RIP5DHTriplett caught the game-tying pass in the 1948 Cotton Bowl.

Triplett's family lived in a racially mixed neighborhood outside Philadelphia, which is to say he didn't live in either Harlem or Greenwich. Due to the confusion caused by his mailing address, he received a letter from the University of Miami offering him an athletic scholarship.

He answered the letter by politely informing them that he was black, since an offer from a Florida school that did not permit black and white athletes to play together indicated its administrators must have assumed he was white.

Miami responded with another letter apologizing for the mistake. There was no scholarship offer; not from Miami anyway. Triplett stayed in Pennsylvania to attend State College, and late in the 1945 season he became Penn State football's first black starter.

Ironically, the following season Penn State was scheduled to play Miami. The tradition at the time for the integrated team was to hold a meeting with the segregated team to decide what to do about the black players.

Most often, the school with black players would sit them against southern opponents, effectively supporting and endorsing segregation despite not permitting it at home.

Penn State was the first school to buck that trend in refusing to participate in a game with anything less than its entire roster. Triplett and Dennie Hoggard, the team's two black players, would not be left behind to satisfy Miami.

The game was canceled as a result of the team voting to play with all of its players or none at all. It was the final time Penn State would participate in one of those traditional meetings.

Two seasons later the Nittany Lions earned a Cotton Bowl invitation to play Southern Methodist, and word spread that SMU wanted to meet with PSU to discuss keeping its black players from traveling to Dallas.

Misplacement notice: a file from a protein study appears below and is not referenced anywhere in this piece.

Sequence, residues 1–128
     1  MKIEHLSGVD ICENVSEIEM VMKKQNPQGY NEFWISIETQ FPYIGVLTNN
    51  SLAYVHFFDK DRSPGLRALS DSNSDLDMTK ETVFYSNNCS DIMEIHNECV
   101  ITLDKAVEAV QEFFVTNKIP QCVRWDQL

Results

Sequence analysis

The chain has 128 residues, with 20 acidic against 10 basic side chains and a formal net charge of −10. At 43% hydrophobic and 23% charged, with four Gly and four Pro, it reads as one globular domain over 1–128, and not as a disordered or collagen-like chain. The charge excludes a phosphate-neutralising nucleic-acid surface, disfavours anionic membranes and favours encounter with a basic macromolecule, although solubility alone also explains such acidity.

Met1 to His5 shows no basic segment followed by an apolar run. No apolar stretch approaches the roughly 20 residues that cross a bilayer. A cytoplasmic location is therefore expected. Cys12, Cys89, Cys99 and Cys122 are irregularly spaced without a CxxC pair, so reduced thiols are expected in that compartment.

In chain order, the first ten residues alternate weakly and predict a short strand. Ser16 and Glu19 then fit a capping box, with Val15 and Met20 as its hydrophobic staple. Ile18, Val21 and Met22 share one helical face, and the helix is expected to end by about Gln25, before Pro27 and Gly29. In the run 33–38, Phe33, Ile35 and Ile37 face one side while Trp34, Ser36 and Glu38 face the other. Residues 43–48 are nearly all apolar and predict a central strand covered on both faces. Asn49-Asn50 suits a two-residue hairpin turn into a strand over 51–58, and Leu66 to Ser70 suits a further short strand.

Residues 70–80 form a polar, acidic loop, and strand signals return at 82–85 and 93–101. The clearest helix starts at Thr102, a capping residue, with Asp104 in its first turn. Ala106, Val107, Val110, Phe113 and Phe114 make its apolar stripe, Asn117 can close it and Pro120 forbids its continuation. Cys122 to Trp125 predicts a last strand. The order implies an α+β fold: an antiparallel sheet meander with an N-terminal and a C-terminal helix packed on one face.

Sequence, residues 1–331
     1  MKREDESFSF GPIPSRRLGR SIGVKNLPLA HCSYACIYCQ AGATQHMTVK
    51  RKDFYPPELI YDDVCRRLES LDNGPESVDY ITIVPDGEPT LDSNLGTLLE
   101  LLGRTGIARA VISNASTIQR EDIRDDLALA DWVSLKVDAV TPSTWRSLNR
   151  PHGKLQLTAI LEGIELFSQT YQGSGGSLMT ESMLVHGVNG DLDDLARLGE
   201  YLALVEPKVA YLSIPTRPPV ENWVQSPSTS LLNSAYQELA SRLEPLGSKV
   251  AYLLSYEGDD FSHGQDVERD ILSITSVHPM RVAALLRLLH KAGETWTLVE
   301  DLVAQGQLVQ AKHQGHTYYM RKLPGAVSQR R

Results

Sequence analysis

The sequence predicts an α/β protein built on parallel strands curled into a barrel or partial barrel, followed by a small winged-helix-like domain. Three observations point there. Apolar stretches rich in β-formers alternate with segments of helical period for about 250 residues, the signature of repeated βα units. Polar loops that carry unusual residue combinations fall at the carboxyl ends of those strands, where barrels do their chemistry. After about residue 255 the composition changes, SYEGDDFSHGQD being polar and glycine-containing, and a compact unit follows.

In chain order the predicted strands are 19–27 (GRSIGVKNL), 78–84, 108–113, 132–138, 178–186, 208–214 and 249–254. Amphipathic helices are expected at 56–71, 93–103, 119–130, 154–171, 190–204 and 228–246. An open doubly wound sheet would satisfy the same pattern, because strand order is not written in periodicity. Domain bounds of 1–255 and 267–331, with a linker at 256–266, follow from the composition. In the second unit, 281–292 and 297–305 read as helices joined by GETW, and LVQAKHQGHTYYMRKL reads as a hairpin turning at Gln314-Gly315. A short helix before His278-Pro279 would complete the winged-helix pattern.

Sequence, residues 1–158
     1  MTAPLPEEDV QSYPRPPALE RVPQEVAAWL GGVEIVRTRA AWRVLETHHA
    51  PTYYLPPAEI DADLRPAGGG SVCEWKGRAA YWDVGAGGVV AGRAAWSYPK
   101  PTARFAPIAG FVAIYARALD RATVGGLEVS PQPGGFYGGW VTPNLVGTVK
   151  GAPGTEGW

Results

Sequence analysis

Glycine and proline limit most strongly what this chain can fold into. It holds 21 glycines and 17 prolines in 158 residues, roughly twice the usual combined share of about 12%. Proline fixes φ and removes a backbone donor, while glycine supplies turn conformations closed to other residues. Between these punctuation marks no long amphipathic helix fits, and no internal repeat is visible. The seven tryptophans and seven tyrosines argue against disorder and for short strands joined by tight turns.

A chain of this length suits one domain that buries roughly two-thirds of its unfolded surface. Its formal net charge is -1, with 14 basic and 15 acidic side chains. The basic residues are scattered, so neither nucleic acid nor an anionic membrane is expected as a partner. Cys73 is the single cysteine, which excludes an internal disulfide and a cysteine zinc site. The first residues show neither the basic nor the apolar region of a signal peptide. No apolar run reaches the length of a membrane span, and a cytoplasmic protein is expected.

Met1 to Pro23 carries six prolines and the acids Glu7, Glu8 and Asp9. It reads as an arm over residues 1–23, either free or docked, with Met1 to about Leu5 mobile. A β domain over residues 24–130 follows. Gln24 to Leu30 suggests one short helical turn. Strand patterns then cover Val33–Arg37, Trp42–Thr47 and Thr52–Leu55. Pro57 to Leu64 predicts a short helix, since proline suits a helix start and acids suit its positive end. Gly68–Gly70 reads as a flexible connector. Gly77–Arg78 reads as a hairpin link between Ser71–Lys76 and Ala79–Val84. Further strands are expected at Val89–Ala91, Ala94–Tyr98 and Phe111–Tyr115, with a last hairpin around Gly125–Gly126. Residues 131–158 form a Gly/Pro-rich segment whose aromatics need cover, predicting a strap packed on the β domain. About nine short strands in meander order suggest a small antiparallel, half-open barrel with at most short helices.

Offensive guard Steve Suhey, the eventual MVP of that Cotton Bowl, then spoke his epitaph:

                                      "We are Penn State. There will be no meetings."

That Cotton Bowl ended in a 13-13 tie and Triplett, whom SMU didn't want to see in Dallas, caught the game-tying touchdown in the third quarter. That We Are cheer was still in its crib, having just been born.

Yes, there is a lot we still take for granted, from Ole Miss slowly divorcing itself from its tragic past to Penn State quickly moving on from its own. Neither is easy or pleasant, but both are important and necessary to remember.

It's essential that non-Penn Staters understand and appreciate where We Are originated because fresh history has a way of clouding the older stuff. One monster and a few terrible, complicit people shouldn't be permitted to wreck a transformational legacy like Penn State's. 

We Are is probably the most substantive cheer in college sports. More people should know its history, including fresh Penn Staters, because we take a lot for granted: Thompson embarked on his Ghosts project because even as a Mississippi native he never knew the full story. Remembering history like Penn State's is paramount to understanding that America has not fully emerged from darkness.

Their role in rejecting segregation - not just behind its own walls but daring to do so in the South - is too important to take for granted, especially as America continues to struggle in shedding some of its traditions. Think about that the next time you hear We Are Penn State; which will happen again this Saturday.

It isn't an empty cheer. It shouldn't be allowed to become one.